May 10, 2018

Submitted Via Email
The Honorable Charles Grassley, Chairman
United States Senate Committee on the Judiciary
224 Dirksen Senate Office Building
Washington, DC 20510

The Honorable Dianne Feinstein, Ranking Member
United States Senate Committee on the Judiciary
152 Dirksen Senate Office Building
Washington, DC 20510


Dear Chairman Grassley and Ranking Member Feinstein:

On behalf of the National Employment Lawyers Association (NELA), and its 4,000 circuit, state, and local affiliate members across the country, I write to express our strong opposition to advancing the nomination of Wendy Vitter to serve as a U.S. District Court judge for the Eastern District of Louisiana.

NELA is the largest professional membership organization in the country comprised of lawyers who represent workers in labor, employment, and civil rights disputes. Founded in 1985, NELA advances employee rights and serves lawyers who advocate for equality and justice in the American workplace. Our members litigate on behalf of employees in every circuit, affording NELA a unique perspective on how employment cases, courts, and the judges who are entrusted with decision-making affect the lives of thousands of working people.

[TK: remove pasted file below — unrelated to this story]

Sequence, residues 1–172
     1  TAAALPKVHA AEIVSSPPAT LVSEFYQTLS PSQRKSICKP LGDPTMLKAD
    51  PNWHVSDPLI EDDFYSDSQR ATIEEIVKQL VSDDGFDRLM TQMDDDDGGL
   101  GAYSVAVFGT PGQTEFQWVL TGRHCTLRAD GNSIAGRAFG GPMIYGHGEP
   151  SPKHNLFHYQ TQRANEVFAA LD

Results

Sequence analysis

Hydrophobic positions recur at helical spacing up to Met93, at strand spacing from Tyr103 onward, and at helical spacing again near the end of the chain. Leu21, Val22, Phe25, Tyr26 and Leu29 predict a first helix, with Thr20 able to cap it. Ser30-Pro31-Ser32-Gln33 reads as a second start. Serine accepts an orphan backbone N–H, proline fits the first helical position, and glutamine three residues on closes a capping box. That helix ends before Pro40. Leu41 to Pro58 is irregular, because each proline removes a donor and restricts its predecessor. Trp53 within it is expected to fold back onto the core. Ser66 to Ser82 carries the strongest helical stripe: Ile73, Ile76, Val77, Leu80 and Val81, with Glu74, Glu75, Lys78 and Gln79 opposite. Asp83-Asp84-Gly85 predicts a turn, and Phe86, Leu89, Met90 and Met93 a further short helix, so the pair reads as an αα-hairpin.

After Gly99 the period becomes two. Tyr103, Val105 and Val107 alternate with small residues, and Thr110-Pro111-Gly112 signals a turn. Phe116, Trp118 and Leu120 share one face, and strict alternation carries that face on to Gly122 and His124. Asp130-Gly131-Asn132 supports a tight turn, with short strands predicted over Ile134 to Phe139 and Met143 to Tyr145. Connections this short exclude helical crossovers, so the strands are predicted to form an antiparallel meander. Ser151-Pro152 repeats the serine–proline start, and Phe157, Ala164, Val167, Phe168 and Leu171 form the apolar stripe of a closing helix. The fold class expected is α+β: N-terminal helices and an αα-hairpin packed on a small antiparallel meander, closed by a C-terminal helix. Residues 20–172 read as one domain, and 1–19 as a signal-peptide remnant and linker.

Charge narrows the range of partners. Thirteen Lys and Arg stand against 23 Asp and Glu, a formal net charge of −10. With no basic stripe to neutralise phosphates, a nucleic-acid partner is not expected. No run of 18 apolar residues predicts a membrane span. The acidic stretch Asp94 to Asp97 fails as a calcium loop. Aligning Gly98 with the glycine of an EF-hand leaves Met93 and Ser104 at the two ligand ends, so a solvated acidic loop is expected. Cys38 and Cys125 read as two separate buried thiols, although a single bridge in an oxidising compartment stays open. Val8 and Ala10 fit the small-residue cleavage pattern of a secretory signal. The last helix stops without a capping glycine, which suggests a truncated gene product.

Every nominee to the federal bench is being considered for a lifetime appointment. It should go without saying that a threshold qualification for such appointment should be that the nominee meet a standard of impeccable honesty and forthrightness. Nominees to the federal bench have a constitutional obligation to demonstrate that they will rigorously apply the laws and Constitution and safeguard the rights and liberties of every individual who appears before the court. Because of the serious impact of the decisions a federal judge makes daily on matters of civil procedure and federal practice, nominees to the federal bench should have significant relevant experience that is essential to perform a complex and challenging job. Mrs. Vitter has failed to satisfy each of these baseline requirements.